Just in time for Father’s Day and with 94% of men saying it is important to be a caring father, Dove Men+Care is paying tribute to the moments in real Dads lives that demonstrate how their care, rather than traditional physical traits, truly defines them as a hero. Dove Men+Care has created this amazing ‘My Dad, My Hero’ video that features real dads’ lives and shows what real strength is all about when it comes to being a father. Please enjoy the video and then keep reading below for an exciting giveaway!
How great was that video? I thought it would be fun with Father’s Day on the horizon to giveaway a special package from Dove Men+Care. All you have to do to enter is leave a comment on this post and let me know what your favourite moments with your kids are. Good Luck!
Disclosure: I was compensated for my participation in the ‘My Dad, My Hero’ campaign but I am truly thrilled at the way the public’s views on masculinity have changed.
We have another guest post on the blog today! Please welcome Canadian father, Ingus, who is Toronto-area photographer and new dad, learning the fine art of parenting a new baby girl. You can read about his wacky adventures at Dad Mode On blog!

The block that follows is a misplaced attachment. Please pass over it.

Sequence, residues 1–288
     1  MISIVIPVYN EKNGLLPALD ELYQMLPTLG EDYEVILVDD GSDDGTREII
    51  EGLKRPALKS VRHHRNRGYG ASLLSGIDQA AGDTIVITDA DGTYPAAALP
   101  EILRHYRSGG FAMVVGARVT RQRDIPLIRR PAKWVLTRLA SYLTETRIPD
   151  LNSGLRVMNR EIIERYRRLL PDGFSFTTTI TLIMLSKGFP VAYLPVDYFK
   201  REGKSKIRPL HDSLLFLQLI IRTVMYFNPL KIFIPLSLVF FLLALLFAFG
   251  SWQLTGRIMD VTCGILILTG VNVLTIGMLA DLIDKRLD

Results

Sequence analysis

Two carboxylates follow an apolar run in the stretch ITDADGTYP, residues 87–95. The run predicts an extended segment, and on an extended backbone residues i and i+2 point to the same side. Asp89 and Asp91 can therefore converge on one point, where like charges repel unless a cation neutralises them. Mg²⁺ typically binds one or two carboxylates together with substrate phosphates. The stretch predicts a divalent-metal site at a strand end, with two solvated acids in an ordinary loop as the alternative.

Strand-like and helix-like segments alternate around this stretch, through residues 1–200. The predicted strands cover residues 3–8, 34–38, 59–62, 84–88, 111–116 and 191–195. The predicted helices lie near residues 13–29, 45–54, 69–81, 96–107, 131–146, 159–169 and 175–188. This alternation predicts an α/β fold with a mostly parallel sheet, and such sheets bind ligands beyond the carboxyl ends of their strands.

“So you’re going to be off for five months, eh? You’ll have plenty of time to catch up on Netflix!”
“Five months? You’re going to be playing so much Call of Duty!”
“That’s a long time, won’t you get bored?”
Before going on my parental leave, that was the typical response I received when I told family, friends, co-workers, or even strangers that I was taking close to half a year off for the birth of our daughter.
I began to think that being a dad for the first time was going to be a sweet vacation. I mean, I won’t have to be with the baby all the time, right?
I can binge watch a little, work on that photography project that I wanted to do for years, or play videogames like I did when I was a teenager.
This is going to be an awesome, awesome vacation!
Then on Christmas night- as cliché as it can be – our 7lbs 14oz bundle of joy arrived.
And in an instant, all of those silly thoughts disappeared.
I’m sure many of you parents can agree, the first month is a write-off. Your mind, body, and soul belongs to your new little blob. You can also agree that, though the first month is difficult for dad, it is 100 times more difficult for the new mom.
For my wife and I, we made use of the fact that I was going to be off for five months by ensuring that I would be as involved as possible.